“Book Review: The Morbid Museum”
Reviewed by Jaylynn Korrell
A dark & inventive look at one of mankind’s greatest fears—death
This collection is narrated by the curator of a side-of-the-road type establishment known as The Morbid Museum. A local death enthusiast, the curator (Siris Grim) has quite a few stories to tell while we’re here.
Though the subject matter may seem a little grim, author James Pack does a wonderful job of debunking the negative associations that come with death through unique and thoughtful storytelling—still, with its fair share of horror. His narrator’s passion and experience with death make us feel like we’re dealing with a true expert here, a trusty guide to walk us through a carefully curated collection.
The Morbid Museum is sectioned off into three main sections, or “exhibits.” Through the trauma exhibit, creatures exhibit, and supernatural exhibit, Pack gives readers a variety of stories to take in that might just leave them feeling less afraid of the idea of life ending.
With main characters that include mutant ninja turtles, detectives, cats, arenas, and more, it’s safe to say that readers will never know what to expect. Nearly each story in the collection is wildly different from the next. While some deal with more serious topics like mass shootings or missing and murdered children, others land quite lightly while still managing to tackle the subject efficiently.
In “Escape from Century,” Pack creates somewhat of an animal holocaust, where humans are an enemy and animals are captured in hoards and forced to work until their deaths. One rebellious feline is determined to escape each camp she enters, so the humans have a cause for concern. And I get it—a cat protagonist seems like an unlikely & light story in a death-centric story collection, but just wait until you run into the twist at the end. It’s well worth the price of admission.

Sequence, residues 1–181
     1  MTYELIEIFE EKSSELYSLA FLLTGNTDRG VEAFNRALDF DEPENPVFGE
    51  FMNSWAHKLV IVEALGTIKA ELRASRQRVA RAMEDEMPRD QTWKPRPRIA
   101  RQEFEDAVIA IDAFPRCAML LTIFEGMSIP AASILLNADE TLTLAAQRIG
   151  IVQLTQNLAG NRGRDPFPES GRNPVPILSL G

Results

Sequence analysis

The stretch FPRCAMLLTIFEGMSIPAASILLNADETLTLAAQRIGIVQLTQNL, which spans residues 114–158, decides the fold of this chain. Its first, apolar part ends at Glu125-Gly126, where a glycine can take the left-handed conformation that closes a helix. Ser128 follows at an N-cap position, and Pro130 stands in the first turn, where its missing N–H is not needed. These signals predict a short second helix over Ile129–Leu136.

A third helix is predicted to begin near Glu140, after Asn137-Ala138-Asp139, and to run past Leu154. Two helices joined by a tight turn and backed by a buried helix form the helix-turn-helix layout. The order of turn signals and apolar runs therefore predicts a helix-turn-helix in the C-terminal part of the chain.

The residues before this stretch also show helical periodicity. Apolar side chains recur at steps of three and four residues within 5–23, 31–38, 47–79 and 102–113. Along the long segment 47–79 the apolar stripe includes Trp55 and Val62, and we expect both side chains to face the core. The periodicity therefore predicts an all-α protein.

Pack demonstrates a unique ability of taking unexpected and sometimes-silly ideas and turning them into something dark and inventive. Some stories, like “Disengagement,” keep you guessing as a murderer is being investigated for a crime that he truly believes he did not commit, and which he knows was the work of slimy green creatures who came from a fallen meteorite.
Scattered between stories of varying length are micro-stories, spanning only a few pages; and they really hit sometimes, but they fall flat in others. Some stories, like “Jesse’s Lament,” seem to only scratch at the surface of a larger story and don’t have an original-enough spin to bring it home with any feeling. On the other hand, some of those stories, like “Clyde,” makes the most of its few pages with a dynamic and full story of the life and death of a character from Pac-Man.
If you encounter this museum on the side of the road, I’d suggest you stop in. This thing tackles death from a number of thought-provoking angles and displays a strong sense of storytelling worth checking out.
Genre: Horror / Short Story Collection
Print Length: 276 pages
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